I'm hoping to solve that feeling of front and rear doing different things that you've all mentioned. I'm on Cup 2's 215 front and 255 rear with Novitec Black coilovers.
 

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I am paying attention as well. What are the pressing adapters that come as an option with the GMS uniball kit? Why would I order with or without them?
 

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@radm - I have a set of press in adapters for the Uniballs. You may borrow them if you send them back to me when you are done. The purpose of the adapter is to allow you to press the uniballs in WITHOUT damaging the uniball. You could build your own adapter, but if you press in the wrong spot you destroy the uniball. You must press the outer sleeve, not the inner part.
 

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@radm - I have a set of press in adapters for the Uniballs. You may borrow them if you send them back to me when you are done. The purpose of the adapter is to allow you to press the uniballs in WITHOUT damaging the uniball. You could build your own adapter, but if you press in the wrong spot you destroy the uniball. You must press the outer sleeve, not the inner part.
That makes sense. Thank you for the offer!
 

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Have the same issue as OP so did the uniballs, but honestly didn’t address this “feeling” at all for me. In fact I can’t tell the difference. Also went to wider wheels and tires, which also made no difference in this regard. If anything it’s just scarier because I have more grip but still have no idea when it will give way.
 

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Have the same issue as OP so did the uniballs, but honestly didn’t address this “feeling” at all for me. In fact I can’t tell the difference. Also went to wider wheels and tires, which also made no difference in this regard. If anything it’s just scarier because I have more grip but still have no idea when it will give way.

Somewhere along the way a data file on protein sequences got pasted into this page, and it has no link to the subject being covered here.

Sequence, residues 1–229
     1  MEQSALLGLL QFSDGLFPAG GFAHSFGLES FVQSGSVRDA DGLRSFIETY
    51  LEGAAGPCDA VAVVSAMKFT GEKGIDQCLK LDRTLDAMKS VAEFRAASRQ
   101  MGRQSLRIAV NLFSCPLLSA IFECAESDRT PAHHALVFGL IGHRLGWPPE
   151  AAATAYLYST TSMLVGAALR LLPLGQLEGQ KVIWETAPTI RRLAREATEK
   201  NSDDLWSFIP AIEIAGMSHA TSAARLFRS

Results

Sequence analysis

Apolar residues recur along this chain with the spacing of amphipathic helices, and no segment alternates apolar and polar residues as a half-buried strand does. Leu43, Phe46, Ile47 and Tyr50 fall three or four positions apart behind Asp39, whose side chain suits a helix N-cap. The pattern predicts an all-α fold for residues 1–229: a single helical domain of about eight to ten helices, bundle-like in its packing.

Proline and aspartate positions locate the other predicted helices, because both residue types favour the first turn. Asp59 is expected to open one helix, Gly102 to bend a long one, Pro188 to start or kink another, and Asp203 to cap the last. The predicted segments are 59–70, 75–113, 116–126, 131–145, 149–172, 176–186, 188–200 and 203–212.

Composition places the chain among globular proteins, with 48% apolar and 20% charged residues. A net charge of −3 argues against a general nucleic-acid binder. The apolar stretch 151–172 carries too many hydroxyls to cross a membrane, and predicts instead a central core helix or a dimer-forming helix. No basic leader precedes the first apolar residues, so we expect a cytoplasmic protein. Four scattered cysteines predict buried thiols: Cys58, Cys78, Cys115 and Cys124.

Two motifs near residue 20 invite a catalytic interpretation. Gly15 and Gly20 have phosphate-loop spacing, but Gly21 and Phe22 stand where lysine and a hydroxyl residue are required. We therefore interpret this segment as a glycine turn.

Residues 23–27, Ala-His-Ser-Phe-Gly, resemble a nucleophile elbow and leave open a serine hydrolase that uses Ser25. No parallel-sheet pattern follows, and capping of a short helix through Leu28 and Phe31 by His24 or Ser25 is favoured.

Next drive just follow me. My Pirellis will give up way before your Pilot Super Sports so you’ll be safe. I think you might need a track day and really lean on the outside rear to get a feel for things near the limit. Practise, practise, practise.
 

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$1300 in the US. not sure of the conversion rate.
That includes the entire A Arm so a person could install them without taking it to a shop.
 

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@goldmax - GMS is charging 360Euro + whatever shipping and tax you have to pay and the shop to press them in.

@chimera - As noted, get on a track or skidpad where you can safely slide the car. However, you may have a hard time knowing when the cars back end will slide if YOUR back end is sliding in the seat. Doing everything possible to plant your butt firmly in the seat will help with feeling. Uniballs really do help with predictability and feeling. Wider rear tires allow significantly more grip at the back end. The 4C is far less "playful" with 265 rears than with the stock 235 or 245s. Playful is fun, but when you are trying to put down good laptimes it gets in the way. I easily wacked a few seconds off my lap time just in confidence and traction increase with the 265 rear tires.
 
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Discussion Starter · #37 ·
@goldmax - GMS is charging 360Euro + whatever shipping and tax you have to pay and the shop to press them in.

@chimera - As noted, get on a track or skidpad where you can safely slide the car. However, you may have a hard time knowing when the cars back end will slide if YOUR back end is sliding in the seat. Doing everything possible to plant your butt firmly in the seat will help with feeling...
Interestingly enough, I have my seat at max tilt now and can feel more with my buttocks than ever before (which bring the issue to light more than ever).
 

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To simplify installation, has anyone in the US gotten these from Alfa9 Supply?
This is what I was quoting for price
116911
 

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To simplify installation, has anyone in the US gotten these from Alfa9 Supply?
This is what I was quoting for price
View attachment 116911
🙋‍♂️